Forgotten by Fox: A Lad Insane

"Aladdin and the Wonderful Lamp" (1917) is an Arabian Nights fantasy enacted by school kids: a crystal ball view of an alien sensibility.
David Cairns
As Disney quietly disappears huge swathes of film history into its vaults, I'm going to spend 2020 celebrating Twentieth Century Fox and the Fox Film Corporation's films, what one might call their output if only someone were putting it out.
The great movie factories were so prolific, none of them have succeeded in making anything like all their major works available on the repertory circuit, home video, television, or streaming, but Fox now seems particularly indifferent to providing any access to their catalog, so focusing on them seems fair. I hope to illuminate the movies Fox ought to be proud of, and a few you couldn't blame them for wanting to hide under a rock.
Oh, and we're doing it chronologically, so first up is a crummy kids' film from 1917.
Aladdin and the Wonderful Lamp is directed by workhorses Sidney and Chester M. Franklin, perhaps best remembered for the Dorothy Gish vehicle Gretchen the Greenhorn (1916), and the first all-Technicolor feature, The Toll of the Sea (1922), which is close to saying "not remembered at all." After this hit, the brothers got rather sidelined into the "Fox Kiddies" series of pictures, fairy tale and classic fiction adaptations which also included versions of "Jack and the Beanstalk" and Treasure Island. A few of these have found their way to YouTube in scratchy, low-res prints, and as they're now all in the public domain, their original studio can't wholly be blamed for not taking care of them since there's no profit to be made. Except, I don't really believe that. Parents have a responsibility for their offspring, whether said kids can earn them cash or not.
The conceit of the Fox Kiddies series is that as many of the key roles as possible shall be played by children, but this isn't really carried out consistently, as it is with MGM's Dogville Comedies series of the thirties, in which all the characters really are played by canines.
The result is weird, even for 1917. Aladdin is a young boy, sure. The princess he wants to marry is a little girl... okay, getting strange now. His rival is another little kid, but one with a twirly mustache. But her father is an adult actor. I feel like Anna Massey in Peeping Tom when she's shown her friend's home movie record of child abuse: "Please help me understand this thing!"
For a while, it's innocent enough. The children can't really act, that is, they don't offer a convincing simulation of real behavior, but they play-act amusingly. We note, without being overly disturbed, that the mustache-twirling sorcerer, Al-Talib, is played by a girl, Violet Radcliffe. I knew that wasn't a real 'tache. But then the creepier elements come in, all delivered innocently, I think. As with some early Shirley Temple shorts, someone thought it would be cute to have the Princess, Virginia Lee Corbin, parody some of the more vampish aspects of her grown-up role. So she splashes in a sunken bath, swings her hips in harem pants, and reclines seductively on a tiger skin. All a bit uncomfortable to modern eyes. It was a more innocent age. Also stupider at times, and more insensitive, sometimes all at once.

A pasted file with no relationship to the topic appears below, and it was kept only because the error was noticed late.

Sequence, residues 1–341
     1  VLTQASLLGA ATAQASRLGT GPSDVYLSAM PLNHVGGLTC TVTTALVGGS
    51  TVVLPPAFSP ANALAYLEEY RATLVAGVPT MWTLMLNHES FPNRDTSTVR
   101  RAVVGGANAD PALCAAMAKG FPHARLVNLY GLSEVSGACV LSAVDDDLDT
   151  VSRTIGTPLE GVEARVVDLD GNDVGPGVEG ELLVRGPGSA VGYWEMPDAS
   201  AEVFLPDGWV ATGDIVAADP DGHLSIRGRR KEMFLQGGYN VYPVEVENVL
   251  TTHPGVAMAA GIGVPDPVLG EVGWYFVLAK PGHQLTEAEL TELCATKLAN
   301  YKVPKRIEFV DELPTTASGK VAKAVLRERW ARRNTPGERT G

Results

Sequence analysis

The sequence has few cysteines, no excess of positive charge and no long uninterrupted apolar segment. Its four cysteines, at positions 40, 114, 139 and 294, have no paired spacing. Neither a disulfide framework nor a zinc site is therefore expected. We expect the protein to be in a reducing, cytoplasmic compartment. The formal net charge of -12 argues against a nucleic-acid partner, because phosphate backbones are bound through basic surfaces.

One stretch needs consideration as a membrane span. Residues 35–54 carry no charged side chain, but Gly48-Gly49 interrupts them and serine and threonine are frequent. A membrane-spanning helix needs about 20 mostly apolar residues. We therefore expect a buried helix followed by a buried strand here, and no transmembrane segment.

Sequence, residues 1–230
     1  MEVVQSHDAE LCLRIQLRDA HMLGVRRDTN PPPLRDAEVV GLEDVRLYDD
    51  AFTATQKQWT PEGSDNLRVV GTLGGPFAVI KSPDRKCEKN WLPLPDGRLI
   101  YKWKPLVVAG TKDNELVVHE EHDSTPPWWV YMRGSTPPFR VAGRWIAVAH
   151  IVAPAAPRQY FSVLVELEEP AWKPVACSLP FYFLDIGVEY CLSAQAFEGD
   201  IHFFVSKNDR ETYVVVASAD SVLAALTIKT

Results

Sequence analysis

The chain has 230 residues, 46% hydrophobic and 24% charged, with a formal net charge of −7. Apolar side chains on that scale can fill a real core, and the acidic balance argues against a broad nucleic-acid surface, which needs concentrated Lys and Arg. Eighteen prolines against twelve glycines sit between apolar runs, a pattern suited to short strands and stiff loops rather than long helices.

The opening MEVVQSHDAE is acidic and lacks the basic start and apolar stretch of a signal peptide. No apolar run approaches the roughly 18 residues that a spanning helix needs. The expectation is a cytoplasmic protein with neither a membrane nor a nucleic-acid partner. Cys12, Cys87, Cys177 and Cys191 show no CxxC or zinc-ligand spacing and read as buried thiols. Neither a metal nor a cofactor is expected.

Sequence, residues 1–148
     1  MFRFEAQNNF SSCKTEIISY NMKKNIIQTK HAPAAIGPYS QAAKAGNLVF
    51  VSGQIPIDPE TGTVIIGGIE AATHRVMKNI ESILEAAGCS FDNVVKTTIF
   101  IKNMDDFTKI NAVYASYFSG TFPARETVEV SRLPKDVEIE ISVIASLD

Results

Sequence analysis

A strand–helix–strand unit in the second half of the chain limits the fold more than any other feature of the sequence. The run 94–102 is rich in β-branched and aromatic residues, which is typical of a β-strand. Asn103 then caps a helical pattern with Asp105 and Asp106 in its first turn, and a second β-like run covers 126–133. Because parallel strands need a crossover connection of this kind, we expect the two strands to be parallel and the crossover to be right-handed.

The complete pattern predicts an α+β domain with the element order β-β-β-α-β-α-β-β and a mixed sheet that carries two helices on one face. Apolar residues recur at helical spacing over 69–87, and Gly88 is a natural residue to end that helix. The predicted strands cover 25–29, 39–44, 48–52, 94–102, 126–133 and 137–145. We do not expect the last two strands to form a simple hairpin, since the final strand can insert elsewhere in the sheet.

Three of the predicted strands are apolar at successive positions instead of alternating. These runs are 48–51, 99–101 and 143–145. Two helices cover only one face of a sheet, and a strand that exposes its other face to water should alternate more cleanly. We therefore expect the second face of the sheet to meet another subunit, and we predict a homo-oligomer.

Only al Tabir/Violet appears to have her skin darkened, because he/she's the villain, but we note that in the Disney cartoon only Jafar and a couple of minor players had pseudo-Arab accents. Anyway, Violet is fun to watch and really seems to enjoy being bad. Aladdin (Francis Carpenter) and the Princess are super-Aryan, with the kind of blue eyes that photographed eerily pale on orthochromatic film stock, making them look albino, or blind. And little Francis keeps waving his little fists about in a way that suggests "dastardly landlord" rather than "noble hero," like he's been issued with the wrong set of melodrama instructions.
The movie does offer one actual movie star, Elmo Lincoln (top), one year before he found fame and fortune as a footnote, playing the first movie Tarzan. Here, he's cast as the mighty genie, where his adult stature and musclebound appearance make a kind of sense. He comes flanked by two juvenile sub-genies, for some reason. Maybe the whole series was just some kind of youth job creation scheme?
Lovers of crap will find much to enjoy, though the sets are fairly impressive (William Fox never stinted) and the pyrotechnics don't actually kill any of the cast before our horrified eyes. I don't know if Yasmini (a character who has no plot function) falls on her ass accidentally at 38m43s or if it was somebody's idea of a gag, but I love how, in the climactic tussle at 34m44s, Aladdin dislodges his opponent's turban, then thoughtfully puts it back on, all while wrestling/strangling him.
Come on, Bob Iger! 4K restoration now!
Forgotten by Fox is a regular fortnightly series by David Cairns, author of Shadowplay.

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